In Potter fashion, the dark story is periodically interrupted by the characters bursting into 1950s rock-and-roll songs, lip-syncing to the original recordings. Hospital personnel and characters in Dark's imagination all participate in the musical interludes. Movie fans will recall this unique stylization from the 1981 Steve Martin film adaptation of Pennies From Heaven, set in the 1930s Depression and using songs from that period. Potter never liked that adaptation of his work, which he felt focused too much on lavish production numbers, taking them too far from their ironic intentions. He wanted to ensure the film of Detective was closer to his vision, but he died in 1994, leaving his screenplay behind.
Gordon is determined to honor Potter's vision and text, saying the changes he made were minimal. "The biggest change was moving the story from Chicago to L.A. for various production reasons," said Gordon. "We couldn't afford to shoot it there. There was so little that was specific to Chicago that it didn't make a big difference. Now the hoods run toward the desert in the end, not toward a cornfield, which I like because it becomes a sort of Waiting for Godot reference. Potter wanted to include the song "Blueberry Hill," but we couldn't make a deal on the rights, so we used a different one for that slot. The funny thing is that Potter had written in lines about a President George Bush and Baghdad that still apply today. There's some kind of irony in that we've come full circle."
In rethinking a seven-and-a-half-hour miniseries to make a 109-minute movie, Potter tried to keep its essence but at the same time turn it into a somewhat different animal—something more visceral. "In some ways, it's very similar—the basic story and even the beats," said Gordon. "A one-paragraph synopsis of the film would sound almost identical, though many details are different. The original had many more subplots. This version is leaner and more focused. It's more about Dark's emotional arc. The TV show was more a portrait of this man and what he was going though, and the film is more about what's going on inside his head. There's somewhat of a tonal difference. The original was a little bleaker. As Potter got toward the end of his life, he softened as a human being and talked about finding more meaning in his marriage and the world around him. He had more hope. The character of Dark was essentially him. He also had psoriasis and was a writer. I think in a way the screenplay was a way of revisiting his own life and giving it more chance for redemption and retribution. It was almost 15 years between the writing of the two versions."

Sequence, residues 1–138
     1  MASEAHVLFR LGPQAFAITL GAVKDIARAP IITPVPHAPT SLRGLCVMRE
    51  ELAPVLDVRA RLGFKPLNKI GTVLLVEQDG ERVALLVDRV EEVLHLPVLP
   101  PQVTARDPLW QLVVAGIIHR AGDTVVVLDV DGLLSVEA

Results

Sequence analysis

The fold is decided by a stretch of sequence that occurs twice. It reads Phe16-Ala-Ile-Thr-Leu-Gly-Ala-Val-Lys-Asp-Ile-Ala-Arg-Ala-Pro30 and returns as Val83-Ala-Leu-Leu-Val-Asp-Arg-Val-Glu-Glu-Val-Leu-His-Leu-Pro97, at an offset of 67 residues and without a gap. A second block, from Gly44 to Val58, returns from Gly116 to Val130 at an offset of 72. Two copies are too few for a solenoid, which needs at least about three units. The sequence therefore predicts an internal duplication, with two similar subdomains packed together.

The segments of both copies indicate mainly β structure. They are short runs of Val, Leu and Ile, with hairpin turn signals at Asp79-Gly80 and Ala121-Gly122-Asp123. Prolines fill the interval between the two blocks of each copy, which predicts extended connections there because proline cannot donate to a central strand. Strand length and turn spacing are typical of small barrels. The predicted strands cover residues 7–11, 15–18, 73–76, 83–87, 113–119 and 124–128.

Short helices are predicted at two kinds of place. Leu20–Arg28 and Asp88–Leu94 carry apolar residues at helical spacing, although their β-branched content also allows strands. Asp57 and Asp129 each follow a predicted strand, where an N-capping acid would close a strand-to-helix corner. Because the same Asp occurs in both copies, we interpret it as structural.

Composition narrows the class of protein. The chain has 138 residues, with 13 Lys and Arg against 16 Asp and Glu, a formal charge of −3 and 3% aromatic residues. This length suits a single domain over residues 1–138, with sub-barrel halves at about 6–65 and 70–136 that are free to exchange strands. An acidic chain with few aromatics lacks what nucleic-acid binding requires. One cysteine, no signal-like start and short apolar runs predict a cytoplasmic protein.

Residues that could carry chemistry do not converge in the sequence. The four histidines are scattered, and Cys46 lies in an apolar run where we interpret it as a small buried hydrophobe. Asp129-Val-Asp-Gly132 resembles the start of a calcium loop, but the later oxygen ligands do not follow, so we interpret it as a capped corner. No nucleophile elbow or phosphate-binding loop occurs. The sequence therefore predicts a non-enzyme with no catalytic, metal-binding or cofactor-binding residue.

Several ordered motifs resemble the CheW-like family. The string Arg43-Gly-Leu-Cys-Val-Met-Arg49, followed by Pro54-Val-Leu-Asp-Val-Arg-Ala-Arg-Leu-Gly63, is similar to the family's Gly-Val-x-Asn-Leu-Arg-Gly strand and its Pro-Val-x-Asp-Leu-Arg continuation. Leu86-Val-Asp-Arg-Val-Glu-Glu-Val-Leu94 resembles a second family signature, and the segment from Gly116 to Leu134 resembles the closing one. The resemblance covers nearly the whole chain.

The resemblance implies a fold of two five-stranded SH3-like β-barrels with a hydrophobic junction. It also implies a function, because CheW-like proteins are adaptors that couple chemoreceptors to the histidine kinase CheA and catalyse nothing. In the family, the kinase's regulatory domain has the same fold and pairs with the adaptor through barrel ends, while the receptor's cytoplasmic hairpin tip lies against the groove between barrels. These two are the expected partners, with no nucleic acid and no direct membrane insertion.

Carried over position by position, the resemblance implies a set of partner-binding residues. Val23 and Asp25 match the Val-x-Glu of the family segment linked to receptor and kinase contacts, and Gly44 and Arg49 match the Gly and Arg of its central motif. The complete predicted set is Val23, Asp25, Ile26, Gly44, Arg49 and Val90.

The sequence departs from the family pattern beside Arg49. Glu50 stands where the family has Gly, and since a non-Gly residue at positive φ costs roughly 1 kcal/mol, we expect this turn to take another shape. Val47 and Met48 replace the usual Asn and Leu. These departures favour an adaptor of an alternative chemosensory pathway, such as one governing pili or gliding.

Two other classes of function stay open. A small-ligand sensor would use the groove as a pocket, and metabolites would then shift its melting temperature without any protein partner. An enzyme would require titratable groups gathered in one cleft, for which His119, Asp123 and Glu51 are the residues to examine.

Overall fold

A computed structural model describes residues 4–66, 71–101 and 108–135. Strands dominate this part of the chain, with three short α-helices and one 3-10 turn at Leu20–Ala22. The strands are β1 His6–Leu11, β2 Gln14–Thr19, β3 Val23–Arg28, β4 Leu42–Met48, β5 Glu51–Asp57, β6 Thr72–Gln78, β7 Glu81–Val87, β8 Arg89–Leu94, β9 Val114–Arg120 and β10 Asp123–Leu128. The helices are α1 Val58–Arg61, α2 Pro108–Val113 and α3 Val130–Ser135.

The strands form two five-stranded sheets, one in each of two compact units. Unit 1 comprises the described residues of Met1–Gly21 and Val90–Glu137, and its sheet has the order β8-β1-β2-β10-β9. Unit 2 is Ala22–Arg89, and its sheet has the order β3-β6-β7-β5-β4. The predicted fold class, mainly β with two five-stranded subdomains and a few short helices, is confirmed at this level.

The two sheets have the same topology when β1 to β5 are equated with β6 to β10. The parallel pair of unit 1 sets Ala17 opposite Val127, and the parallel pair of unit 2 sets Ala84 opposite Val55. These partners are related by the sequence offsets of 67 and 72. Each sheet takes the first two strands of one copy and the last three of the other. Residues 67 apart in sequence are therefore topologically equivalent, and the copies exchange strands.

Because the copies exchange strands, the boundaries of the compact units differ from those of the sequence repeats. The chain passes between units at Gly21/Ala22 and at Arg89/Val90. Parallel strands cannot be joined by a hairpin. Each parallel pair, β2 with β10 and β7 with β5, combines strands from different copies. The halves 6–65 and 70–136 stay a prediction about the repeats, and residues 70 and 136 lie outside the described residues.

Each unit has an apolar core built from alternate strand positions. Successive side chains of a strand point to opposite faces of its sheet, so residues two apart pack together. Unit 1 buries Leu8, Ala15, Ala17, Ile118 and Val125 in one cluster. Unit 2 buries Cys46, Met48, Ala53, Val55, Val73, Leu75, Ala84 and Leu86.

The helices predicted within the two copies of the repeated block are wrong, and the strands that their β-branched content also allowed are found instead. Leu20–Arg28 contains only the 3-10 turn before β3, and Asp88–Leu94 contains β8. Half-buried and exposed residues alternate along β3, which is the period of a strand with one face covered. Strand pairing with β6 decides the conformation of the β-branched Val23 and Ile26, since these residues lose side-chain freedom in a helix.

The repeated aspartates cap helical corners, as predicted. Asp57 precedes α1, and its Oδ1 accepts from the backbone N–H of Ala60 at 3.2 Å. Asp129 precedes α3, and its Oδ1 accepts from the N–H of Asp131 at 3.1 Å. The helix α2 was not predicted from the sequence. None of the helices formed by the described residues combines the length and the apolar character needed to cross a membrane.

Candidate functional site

Now to the hard part: selling it. It's going out on a platform-type release schedule, opening this week in L.A. and New York, then gradually expanding. Even following the success of Moulin Rouge and Chicago, will audiences accept the bizarre convention of characters suddenly breaking into rock songs and the overall surrealistic style? " With material this challenging, you always know you'll get a range of reactions," Gordon opined. "The fun of this is that people will get all sorts of different things from it. They have to appreciate its sense of playfulness. I try not to worry too much that everyone has to love it. I hope it finds the audiences that will embrace it. Those who recognize that the songs are used to comment on pop culture will respond to it—what our pop culture tells us versus the realities of life." Gordon also pointed out that although Hollywood avoided musicals like the plague for years, an audience groomed on MTV and lip-syncing might be more open to musicals of all types. "I think there was more openness to this genre than Hollywood realized for a long time, " he indicated. "People in the industry jump on one bandwagon, then abandon it when a few films in the same genre don't work so well, then jump on again following another hit. You couldn't make sports movies for years, until Rocky came along. At any given time, there are these lists of rules. Somebody breaks one, and then the rules change. Sometimes there's a hunger in audiences for something different. We're hoping The Singing Detective will satisfy that appetite." BSW